However, many presidents have accomplished major projects from their election agenda well into their first or even second terms. Dwight Eisenhower signed the bill that authorized the Interstate Highway System in 1956, three and half years after taking office. At the time, the law was considered the most significant infrastructure legislation since the Railroad Acts of the 1860s. Six years into his presidency, Ronald Reagan signed the Tax Reform Act of 1986, simplifying the tax code and slashing tax breaks.
One of the first lessons most presidents learn as they transition from the campaign trail to the Oval Office is that the effort needed to make campaign promises are inversely proportional to the degree of effort needed to fulfill them. They need to make clear to the public that promises made on the campaign trail will be accomplished through a series of small, incremental, and sometimes painful steps, or sometimes not at all. President Obama was able to pass important initiatives from his progressive campaign agenda — the Lilly Ledbetter Fair Pay Act, addressing the issue of wage discrimination for women; the expansion of the Children's Health Insurance Program; and the Affordable Care Act. Candidate Obama campaigned hard to close the Guantanamo prison facility but ran into great resistance, even from this own party, when he couldn’t figure out what to do with the prisoners and eventually left it open.
During their first year in office, presidents need to clearly define their relationship with Congress, their partner in legislation and appointments. If the president’s political party is that of the majority in both houses of Congress, it can make the process easier, but by no means a guarantee. Democrat President Bill Clinton, found this out when he couldn’t get health care reform passed in a Democratic-led Congress in 1993. Having single-party rule can also be a curse, bringing on unintended consequences. During Clinton’s first two years in office, Democrats voted 86 percent of the time for Clinton’s initiatives. This single-minded governing set the stage for the Republican congressional takeover in 1994.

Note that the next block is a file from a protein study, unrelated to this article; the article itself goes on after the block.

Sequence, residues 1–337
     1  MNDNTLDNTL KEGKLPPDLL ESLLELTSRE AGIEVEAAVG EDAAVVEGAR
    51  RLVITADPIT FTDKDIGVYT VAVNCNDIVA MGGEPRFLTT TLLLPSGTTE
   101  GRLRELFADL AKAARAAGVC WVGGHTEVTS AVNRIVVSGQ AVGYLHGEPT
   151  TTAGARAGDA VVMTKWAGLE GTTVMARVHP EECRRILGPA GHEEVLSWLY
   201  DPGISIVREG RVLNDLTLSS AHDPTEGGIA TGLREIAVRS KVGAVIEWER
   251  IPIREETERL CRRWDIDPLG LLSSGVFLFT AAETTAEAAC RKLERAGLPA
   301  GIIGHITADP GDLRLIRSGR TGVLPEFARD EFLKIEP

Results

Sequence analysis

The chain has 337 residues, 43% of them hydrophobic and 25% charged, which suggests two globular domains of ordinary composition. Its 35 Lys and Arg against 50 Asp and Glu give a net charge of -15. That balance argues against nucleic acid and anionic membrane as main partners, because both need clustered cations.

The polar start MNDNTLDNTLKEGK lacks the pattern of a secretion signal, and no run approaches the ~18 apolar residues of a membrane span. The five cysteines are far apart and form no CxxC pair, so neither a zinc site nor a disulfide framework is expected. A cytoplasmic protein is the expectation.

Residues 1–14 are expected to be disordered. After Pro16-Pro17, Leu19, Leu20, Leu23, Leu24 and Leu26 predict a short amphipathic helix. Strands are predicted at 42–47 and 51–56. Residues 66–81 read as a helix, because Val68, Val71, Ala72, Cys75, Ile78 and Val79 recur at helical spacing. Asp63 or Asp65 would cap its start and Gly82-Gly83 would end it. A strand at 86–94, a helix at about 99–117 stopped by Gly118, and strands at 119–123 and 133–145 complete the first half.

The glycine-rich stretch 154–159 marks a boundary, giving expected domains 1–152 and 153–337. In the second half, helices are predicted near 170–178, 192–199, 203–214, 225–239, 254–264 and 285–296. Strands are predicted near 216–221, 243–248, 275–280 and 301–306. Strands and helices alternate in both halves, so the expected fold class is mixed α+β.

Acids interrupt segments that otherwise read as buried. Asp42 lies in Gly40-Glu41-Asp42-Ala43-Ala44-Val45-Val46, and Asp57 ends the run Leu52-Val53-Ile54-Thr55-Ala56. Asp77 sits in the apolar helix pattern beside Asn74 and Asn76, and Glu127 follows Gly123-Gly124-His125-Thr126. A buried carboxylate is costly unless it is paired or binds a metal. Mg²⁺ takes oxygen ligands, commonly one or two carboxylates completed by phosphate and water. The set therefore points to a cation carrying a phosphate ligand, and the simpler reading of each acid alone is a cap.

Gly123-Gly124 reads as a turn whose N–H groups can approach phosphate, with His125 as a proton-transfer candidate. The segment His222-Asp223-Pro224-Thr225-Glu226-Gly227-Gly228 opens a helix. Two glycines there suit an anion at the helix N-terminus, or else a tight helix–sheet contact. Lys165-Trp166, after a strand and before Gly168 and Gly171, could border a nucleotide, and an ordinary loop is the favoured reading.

Unforeseen events have oftentimes diverted many presidents’ attention in ways they never imagined or wanted. Woodrow Wilson was elected on a domestic platform in 1912. A year and a half later, World War I broke out and demanded his attention through the rest of his presidency. George W. Bush’s first term campaign focused on domestic policies and restructuring government. The terrorist attacks of September 11, 2001, pushed the Middle East and international terrorism to the top of his agenda.
President Trump’s first year in office had been many things to many people. The list of descriptive adjectives is endless and polarized. A president’s success or failure in the first year isn’t always an indicator of success or failure in later years. Presidents soon discover that carrying out campaign promises is much harder than making them. Having their party in power during the first term is no guarantee of success. Sometimes, great things are accomplished with mixed government and bipartisan engagement. One thing is for certain, unforeseen circumstances always arise and always require presidents to take actions that they nor the nation had anticipated on Election Day.